Personal work is good for your growth. But many people seem to struggle with carving out the time to do it. Between paid work, family, social lives, and the absolutely human need for leisure time, setting aside chunks of time to work on our own projects can feel like a luxury, a chore, or a mirage that you can never quite reach.
01. Take 20% time
I'm sure many are already aware of the famous "20% time" policy pioneered by Google. Originally, engineers were given the opportunity to spend one day a week working on projects that weren't necessarily in their job descriptions. Taking this time to develop something new, or fixing something that's broken.
This policy is responsible for Gmail and a host of less sexy but still very important developments. In recent years, this policy has been put out to pasture in favour of more focused methods for large scale innovation. However, I am a big believer in the value of tinkering. I'm a big believer in 20% time.
True 20% time can uncover questions and answers we never would think to ask. If I had never gone poking around with my Quickie series, something that started as a sort of lark, I might never have come to question and ultimately rebuild my entire painting process. I have no doubt I'm a better painter today than I would have been if I'd stuck to my predetermined script.
02. Experimenting vs. major projects
When we are working on the client's clock, we're not being paid for experimenting. You can't innovate in a meaningful way under those restrictions. If we want to break new ground within our selves, we must leave time to do that between paid jobs.
If we have major goals which can only be achieved in personal work, that tends to be where we launch major personal projects where the goal is premeditated and the commitment is significant. Not all personal work needs to fit this grand ambition though.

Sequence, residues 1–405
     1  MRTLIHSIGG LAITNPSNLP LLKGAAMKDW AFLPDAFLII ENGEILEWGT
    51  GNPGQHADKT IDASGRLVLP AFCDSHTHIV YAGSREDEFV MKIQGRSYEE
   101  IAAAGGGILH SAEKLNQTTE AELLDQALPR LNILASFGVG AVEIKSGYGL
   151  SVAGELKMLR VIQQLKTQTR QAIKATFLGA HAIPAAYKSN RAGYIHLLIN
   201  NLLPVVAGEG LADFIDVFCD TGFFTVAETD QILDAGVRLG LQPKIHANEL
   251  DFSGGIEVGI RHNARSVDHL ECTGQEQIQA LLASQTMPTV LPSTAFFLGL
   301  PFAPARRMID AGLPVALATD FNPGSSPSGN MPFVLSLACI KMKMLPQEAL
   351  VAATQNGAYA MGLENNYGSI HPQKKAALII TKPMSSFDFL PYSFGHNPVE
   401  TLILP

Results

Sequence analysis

We can't know which projects are going to pay out and which are going to fizzle into nothing. The critical thing is that we keep making an effort.
Taking an unfocussed approach to your personal work may be riskier and you might not be able to monetise it (at least not so directly) as the major personal projects, but it is more likely to teach you about you.
It is more likely to let you grow, explore, and find unexpected rewards. The major projects are in some ways under the same restrictions as client work: you are goal focused. You are creating solutions instead of discovering questions.
03. A way to find your path
Clients hire us based on the work which we have already produced. If an artist often paints scenes with animals, they will be hired for jobs that feature animals. It's logical. Usually it's pretty fair as well. We're good at painting the things we like to paint, so being recognized for those things brings in more of that work.
But sometimes the jobs coming in are taking you in a direction you had not intended to go in. The longer it goes on, the more entrenched you become.
Whether you don't enjoy the corner you've been painted in to or you simply have other avenues that you're eager to explore, the only way to break that cycle is to change the script and show the world what else you can do.